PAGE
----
Taking Pfizer’s blockbuster COVID-19 pills, Paxlovid, at the same time as a rival’s treatment for the virus might be safe and more effective than either drug alone, federal scientists have found.
The combination might also offer a solution to so-called “rebound” cases, when patients see a return of symptoms after finishing off a course of Paxlovid.
But more research is needed, and the Food and Drug Administration does not currently allow doctors to prescribe both drugs to a patient.
The findings, published this month as a preprint that has yet to be peer-reviewed, come from a study run by the National Institutes of Health in monkeys.
After being infected by the Delta variant, some were given both Paxlovid and Lagevrio — the COVID-19 antiviral drug produced by Merck and Ridgeback Biotherapeutics.
Animals who got both treatments saw “decreased SARS-CoV-2 shedding and replication” early on in their infection, and “milder disease” compared to those who got only one drug or the other. The researchers saw no concerning reactions among animals who got the two drugs.
However, the study’s authors cautioned that there were key questions that will need to be addressed in future human trials and experiments with the two drugs. And for now, the FDA says doctors are not allowed to prescribe Paxlovid to patients at the same time as Lagevrio.
Lagevrio carries additional warnings that Paxlovid does not, like risks it could pose to reproduction — it should not be taken during pregnancy — and the chance it could lead to new, worrying variants.
“Therefore, if a patient is taking Paxlovid, an alternative COVID-19 treatment option authorized by the FDA, they would not be eligible for Lagevrio,” Chanapa Tantibanchachai, a spokesperson for the agency, said in a statement.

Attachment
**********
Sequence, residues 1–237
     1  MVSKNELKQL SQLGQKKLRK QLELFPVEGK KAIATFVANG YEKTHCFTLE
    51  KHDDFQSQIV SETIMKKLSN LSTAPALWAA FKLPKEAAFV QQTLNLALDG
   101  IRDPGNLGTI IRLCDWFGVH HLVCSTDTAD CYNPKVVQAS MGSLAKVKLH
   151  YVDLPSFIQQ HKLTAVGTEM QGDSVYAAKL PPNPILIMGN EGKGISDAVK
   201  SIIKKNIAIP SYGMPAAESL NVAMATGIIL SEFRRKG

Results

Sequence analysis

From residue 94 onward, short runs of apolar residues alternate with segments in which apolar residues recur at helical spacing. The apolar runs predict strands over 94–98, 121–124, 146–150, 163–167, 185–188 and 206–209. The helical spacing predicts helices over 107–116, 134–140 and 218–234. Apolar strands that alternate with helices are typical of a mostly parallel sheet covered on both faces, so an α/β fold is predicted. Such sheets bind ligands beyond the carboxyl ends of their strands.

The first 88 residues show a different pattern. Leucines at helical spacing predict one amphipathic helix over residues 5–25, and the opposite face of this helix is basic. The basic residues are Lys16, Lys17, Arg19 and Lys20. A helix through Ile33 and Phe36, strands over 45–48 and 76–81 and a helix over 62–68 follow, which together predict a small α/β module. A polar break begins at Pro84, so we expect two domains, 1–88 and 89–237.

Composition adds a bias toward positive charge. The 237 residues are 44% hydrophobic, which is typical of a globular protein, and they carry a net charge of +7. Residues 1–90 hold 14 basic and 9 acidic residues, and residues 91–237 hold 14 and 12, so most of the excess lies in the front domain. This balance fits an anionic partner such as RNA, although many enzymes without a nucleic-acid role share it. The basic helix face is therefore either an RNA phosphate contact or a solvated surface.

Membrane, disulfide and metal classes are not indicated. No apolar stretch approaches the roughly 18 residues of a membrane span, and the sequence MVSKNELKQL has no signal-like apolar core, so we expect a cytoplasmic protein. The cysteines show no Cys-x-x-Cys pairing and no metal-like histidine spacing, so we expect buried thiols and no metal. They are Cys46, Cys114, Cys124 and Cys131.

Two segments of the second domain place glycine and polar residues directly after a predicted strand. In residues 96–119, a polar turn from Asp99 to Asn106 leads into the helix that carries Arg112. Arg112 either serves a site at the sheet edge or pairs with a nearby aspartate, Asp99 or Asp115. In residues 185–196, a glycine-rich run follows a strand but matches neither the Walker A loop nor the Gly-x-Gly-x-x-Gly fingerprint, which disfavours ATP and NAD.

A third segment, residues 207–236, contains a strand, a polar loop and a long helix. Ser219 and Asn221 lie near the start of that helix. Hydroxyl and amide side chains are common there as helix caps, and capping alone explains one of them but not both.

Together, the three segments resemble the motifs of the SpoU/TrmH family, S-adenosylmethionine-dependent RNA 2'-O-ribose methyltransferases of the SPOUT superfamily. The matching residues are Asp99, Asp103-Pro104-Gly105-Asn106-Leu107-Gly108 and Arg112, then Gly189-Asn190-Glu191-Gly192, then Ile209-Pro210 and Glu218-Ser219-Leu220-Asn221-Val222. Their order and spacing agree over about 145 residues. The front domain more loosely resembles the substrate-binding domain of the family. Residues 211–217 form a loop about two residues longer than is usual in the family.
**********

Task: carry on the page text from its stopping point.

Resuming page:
Another treatment option, Eli Lilly’s bebtelovimab, carries the same kind of requirement, which effectively bars providers from combining the monoclonal antibody drug with Pfizer’s pills.
“No data” on how to treat rebound
Earlier this year, South Korean researchers reported in a preprint that they had found a “profound” improvement in mice who were given both drugs.
The NIH’s study tested the two drugs in rhesus macaques, the “closest surrogate to humans.”
But while the study’s authors speculated the combination might “counteract the ‘rebound effect’,” the animals in their experiment only received four days of treatment before autopsies were conducted.
By contrast, rebound cases in COVID patients have generally been reported a few days after the person finishes the full five-day course of Paxlovid.
In an email, the National Institutes of Health’s Dr. Heinz Feldmann blamed the early end to the study on “viral kinetics”: Before the animals’ virus levels dropped too low, the scientists wanted to be able to compare samples from of the viral load in different parts of the body.
“We went for peak virus replication (day 3 or 4) to better show the efficacy of the treatment,” Feldmann wrote.
The approach has sparked interest in part because the two drugs work in different ways. Paxlovid works by blocking the process by which the virus replicates in the body. Lagevrio aims to battle the virus by creating too many errors as it replicates.
“Combination antivirals are the rule in other viral diseases, for example HIV and hepatitis C. The combination of antivirals can enhance the potency and decrease the risk of the emergence of resistant viruses,” Dr. Roy Gulick, chief of the division of infectious diseases at Weill Cornell Medicine, said in an email.
He also pointed to other viruses that do not need more than one antiviral, like herpes and hepatitis B.
“It’s potentially worth studying in humans, but it may be challenging to improve upon the 89% success rate of Paxlovid,” Gulick wrote, citing Pfizer’s initial results in high-risk unvaccinated adults.
In August, the FDA said it would amend Pfizer’s emergency use authorization to require a clinical trial to study rebound cases. The company says it plans to study “retreatment” with another course of Paxlovid for these patients.
So far, the NIH panel’s recommendations for doctors treating rebound cases say that there is “currently no data on the efficacy of administering longer courses or a second course of ritonavir-boosted nirmatrelvir.”
The 81-year-old told the “NIH Record” that he sought out a second course of the pills, after he came down with the return of symptoms.
“I got much more sick than I was the first time around,” said Fauci.